Flush with success, he then went solo again, adding his unforgettable touch to the cult classic, "Tron," one of the most unique and visually stunning films ever. As the visual effects supervisor, he had the distinction of being the first person to have been given that credit in a film. After work on "Captain Eo," "Superman IV," "Ghost" and other films, Ellenshaw, when he worked on "Dick Tracy," the film that added to his artistic credibility and firmly established him as an elite leader and creative innovator in the field. "The matte paintings were visually the star of that film," he said. "And by then I was doing some fine art painting on my own."
Despite having blazed new trails in the world of major motion pictures and contributing significantly to the look and feel of futuristic, fantastical worlds, Ellenshaw's gallery artwork remains grounded in a lyrical reflection of the real world. It was around the time when he was immersed in the incredibly colorful world of Dick Tracy that an exhibition of Fauve artists came to the Los Angeles County Museum of Art (Fauve, "wild beasts" in French, was a name given to a group of up-and-coming artists in the 1900s, including Matisse and Derain. The Fauve painters took a traditional art form and began subverting familiar forms and objects and colors, painting familiar objects with startlingly intense, even "wrong," colors, in an attempt to "liberate color."). "Up until this point I had been painting trees with black, gray and brown trunks and green leaves," he said. "And then I came across the Fauves, who were only in existence a few years, and their intense use of color. They had done something I really enjoyed and appreciated. So I began to paint far more colorfully than I had in the past. Today, I enjoy painting as much as ever and I enjoy doing things that are really colorful. The great thing is that now with the giclee process of making prints, you can match the colors perfectly."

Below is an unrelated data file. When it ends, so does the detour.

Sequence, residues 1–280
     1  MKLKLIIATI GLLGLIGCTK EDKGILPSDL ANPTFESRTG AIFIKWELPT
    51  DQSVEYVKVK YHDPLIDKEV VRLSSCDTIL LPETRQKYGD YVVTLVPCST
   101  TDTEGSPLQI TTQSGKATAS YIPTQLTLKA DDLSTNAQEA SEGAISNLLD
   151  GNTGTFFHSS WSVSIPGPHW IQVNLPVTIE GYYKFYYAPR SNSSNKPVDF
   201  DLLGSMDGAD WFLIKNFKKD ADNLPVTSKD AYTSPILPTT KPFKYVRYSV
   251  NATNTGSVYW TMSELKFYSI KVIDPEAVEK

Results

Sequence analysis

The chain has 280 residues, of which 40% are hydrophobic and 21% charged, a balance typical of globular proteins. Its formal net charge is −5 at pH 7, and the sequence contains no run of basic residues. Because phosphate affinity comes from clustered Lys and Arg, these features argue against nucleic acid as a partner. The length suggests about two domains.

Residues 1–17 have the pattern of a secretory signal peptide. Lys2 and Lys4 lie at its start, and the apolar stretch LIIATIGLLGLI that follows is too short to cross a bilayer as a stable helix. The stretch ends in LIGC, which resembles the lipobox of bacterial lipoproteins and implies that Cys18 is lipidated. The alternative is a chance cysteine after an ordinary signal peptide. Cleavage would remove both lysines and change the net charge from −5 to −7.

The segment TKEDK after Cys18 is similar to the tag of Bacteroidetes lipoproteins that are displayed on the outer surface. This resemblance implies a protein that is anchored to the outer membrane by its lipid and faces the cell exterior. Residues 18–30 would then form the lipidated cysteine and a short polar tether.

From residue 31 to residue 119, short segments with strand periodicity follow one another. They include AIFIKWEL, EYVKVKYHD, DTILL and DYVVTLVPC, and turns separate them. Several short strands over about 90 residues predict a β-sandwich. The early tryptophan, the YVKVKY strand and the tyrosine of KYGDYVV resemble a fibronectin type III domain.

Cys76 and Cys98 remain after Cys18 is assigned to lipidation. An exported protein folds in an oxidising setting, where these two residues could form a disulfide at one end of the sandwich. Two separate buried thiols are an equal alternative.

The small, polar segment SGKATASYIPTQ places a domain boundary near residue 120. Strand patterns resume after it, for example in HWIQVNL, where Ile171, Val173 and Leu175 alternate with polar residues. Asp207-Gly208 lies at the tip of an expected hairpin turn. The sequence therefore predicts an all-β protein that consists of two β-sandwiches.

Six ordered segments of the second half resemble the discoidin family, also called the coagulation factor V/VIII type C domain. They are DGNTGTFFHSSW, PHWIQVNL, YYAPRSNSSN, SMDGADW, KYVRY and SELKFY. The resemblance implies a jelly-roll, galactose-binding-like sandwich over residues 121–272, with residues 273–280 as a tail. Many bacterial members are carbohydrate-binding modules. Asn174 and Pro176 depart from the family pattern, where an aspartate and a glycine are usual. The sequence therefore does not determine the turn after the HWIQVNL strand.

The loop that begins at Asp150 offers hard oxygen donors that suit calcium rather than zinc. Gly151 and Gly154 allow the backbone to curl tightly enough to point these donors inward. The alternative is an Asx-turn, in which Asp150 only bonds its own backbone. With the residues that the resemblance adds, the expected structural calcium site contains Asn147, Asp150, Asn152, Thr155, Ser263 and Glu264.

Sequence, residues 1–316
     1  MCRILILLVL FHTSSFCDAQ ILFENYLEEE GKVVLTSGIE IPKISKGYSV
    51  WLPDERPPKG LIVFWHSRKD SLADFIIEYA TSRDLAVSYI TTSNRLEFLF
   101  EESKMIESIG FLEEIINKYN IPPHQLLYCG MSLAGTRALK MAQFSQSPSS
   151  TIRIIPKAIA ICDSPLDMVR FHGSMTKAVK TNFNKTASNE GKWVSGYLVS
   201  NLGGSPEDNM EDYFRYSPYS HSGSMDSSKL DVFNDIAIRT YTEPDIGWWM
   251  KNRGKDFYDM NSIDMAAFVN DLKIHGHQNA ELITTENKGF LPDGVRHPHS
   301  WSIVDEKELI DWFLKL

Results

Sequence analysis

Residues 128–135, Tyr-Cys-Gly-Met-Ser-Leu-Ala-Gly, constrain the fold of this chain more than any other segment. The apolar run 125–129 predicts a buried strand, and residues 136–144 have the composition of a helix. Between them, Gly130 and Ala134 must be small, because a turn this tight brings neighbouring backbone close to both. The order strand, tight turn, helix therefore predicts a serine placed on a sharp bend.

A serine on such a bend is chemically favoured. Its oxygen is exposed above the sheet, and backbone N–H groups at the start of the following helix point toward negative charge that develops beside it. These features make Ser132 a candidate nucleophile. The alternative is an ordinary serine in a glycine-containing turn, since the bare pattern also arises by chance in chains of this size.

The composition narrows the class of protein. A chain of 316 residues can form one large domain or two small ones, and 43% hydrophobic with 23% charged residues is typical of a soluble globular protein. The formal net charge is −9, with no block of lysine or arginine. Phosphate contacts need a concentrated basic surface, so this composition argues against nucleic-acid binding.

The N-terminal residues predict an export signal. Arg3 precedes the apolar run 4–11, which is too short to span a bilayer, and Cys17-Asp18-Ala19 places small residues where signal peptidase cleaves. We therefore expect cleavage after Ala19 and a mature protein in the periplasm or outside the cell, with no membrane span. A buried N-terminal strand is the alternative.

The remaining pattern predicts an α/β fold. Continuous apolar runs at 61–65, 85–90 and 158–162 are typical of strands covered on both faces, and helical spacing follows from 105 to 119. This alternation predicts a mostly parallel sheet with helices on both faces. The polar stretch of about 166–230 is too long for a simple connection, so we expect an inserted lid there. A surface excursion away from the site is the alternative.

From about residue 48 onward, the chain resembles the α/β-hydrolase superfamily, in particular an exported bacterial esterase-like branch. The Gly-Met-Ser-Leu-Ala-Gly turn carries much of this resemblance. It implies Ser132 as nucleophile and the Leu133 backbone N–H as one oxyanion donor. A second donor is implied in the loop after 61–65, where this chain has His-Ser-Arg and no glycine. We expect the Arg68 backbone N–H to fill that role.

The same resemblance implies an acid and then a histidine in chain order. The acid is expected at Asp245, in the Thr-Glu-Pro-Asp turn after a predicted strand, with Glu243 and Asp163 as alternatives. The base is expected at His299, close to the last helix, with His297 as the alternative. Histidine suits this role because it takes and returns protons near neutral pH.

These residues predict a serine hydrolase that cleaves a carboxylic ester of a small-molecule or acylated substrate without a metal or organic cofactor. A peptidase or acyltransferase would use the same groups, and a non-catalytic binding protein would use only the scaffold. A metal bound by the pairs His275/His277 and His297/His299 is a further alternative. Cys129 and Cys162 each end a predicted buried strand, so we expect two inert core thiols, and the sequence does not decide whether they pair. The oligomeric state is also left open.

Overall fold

One of the commonalities between film and painting is the necessity to establish a third dimension in a two-dimension medium
. Ellenshaw has accomplished this illusion deftly and impressively. He brings to his paintings a facile and dynamic use of color reminiscent of the Fauves and Expressionists. With a diverse subject matter and high-key palette, Ellenshaw's landscapes, cityscapes and riverscapes create a new approach to realism. His works have a resonance, and inner radiance fashioned with a brush alive to new possibilities and horizons. His credentials speaks to the enormity of his artistic talents and range as a painter, and his work has been exhibited at the prestigious Hammer Galleries in New York, as well as galleries in London San Francisco, and other galleries throughout the country and internationally.
Lifelong travels abroad in Europe and throughout the Southwest of America have continually expanded Ellenshaw's visual horizons-leading him to the colorful and dynamic works we see today. He is now pursuing his passion for fine art painting. Many works have been created, of both Disney Fine Art and non-Disney themed subjects, which are thought highly collectable.
World Wide Art
World Wide Art is known for its wide selection of limited editions and originals by renowned artists, including the luminescent works of Harrison Ellenshaw. Their expert staff also specializes in custom conservation framing
. In business since 1996, World Wide Art is located in the San Francisco Bay Area and is a well-known art shop for both serious collectors and casual decorators. The staff at World-Wide-Art.com not only deals art, but are collectors and artists themselves who consider their work a labor of love and lifestyle of art appreciation.